I would argue that my p.99 does indeed pass the test. This page presents the reader with both of my main themes—the question of authenticity and the ways in which the artist is shaped by his personal and professional lives. As p.99 mentions, we know little about Velázquez the man: “As indicated by these few observations on Velázquez’s private life, which I have extracted from circumstantial evidence, there remain large gaps to fill if we are to achieve a well-informed view of the man who confidently stands in front of the easel of Las Meninas.” One of the key concepts is his struggle to gain acceptance as a nobleman in the court of Philip IV—to be recognized not merely as an artisan but as a creator. This is a struggle that also confronts the art historian, as he attempts to authenticate works attributed to a famous painter but which may very well be products of his workshop or even simply copies. Does the historian have the authority to claim authenticity? Will his attribution be accepted or will a battle ensue, one which, perhaps, is more about the power of various art historians rather than a search for the true painter? These are significant questions and ones with which In The Shadow of Velázquez attempts to answer through its study of authenticity in the works of Ribera, El Greco, and Velázquez.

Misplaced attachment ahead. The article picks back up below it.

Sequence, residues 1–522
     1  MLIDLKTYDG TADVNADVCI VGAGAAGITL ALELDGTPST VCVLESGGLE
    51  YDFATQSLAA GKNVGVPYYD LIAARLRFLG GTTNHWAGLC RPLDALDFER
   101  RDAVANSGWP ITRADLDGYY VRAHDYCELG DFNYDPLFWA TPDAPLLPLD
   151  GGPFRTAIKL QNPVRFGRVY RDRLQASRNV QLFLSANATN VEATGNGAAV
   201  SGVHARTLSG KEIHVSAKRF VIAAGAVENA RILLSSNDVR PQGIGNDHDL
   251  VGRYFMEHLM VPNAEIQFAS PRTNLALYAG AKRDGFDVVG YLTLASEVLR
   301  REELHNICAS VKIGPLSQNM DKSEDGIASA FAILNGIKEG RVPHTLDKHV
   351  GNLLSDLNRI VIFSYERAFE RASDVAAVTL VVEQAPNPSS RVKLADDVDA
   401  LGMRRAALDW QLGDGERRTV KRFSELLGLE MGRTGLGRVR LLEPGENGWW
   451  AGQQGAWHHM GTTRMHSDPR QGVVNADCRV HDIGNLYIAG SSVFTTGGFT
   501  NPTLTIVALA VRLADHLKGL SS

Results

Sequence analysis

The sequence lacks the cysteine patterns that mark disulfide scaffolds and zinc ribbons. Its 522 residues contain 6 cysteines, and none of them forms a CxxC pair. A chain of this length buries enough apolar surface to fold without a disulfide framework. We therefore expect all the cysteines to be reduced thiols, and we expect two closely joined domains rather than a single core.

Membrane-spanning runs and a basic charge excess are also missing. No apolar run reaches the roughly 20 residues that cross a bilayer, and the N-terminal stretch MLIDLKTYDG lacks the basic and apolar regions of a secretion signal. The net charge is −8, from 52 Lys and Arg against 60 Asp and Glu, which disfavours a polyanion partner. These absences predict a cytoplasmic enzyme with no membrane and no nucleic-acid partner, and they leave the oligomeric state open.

Learn more about In the Shadow of Velázquez at the Yale University Press website.

--Marshal Zeringue

Thursday, July 10, 2014

Stuart Kirsch's "Mining Capitalism"

Stuart Kirsch is an anthropologist who works in the Pacific and the Amazon on indigenous politics and environmental issues. He is professor of anthropology at the University of Michigan.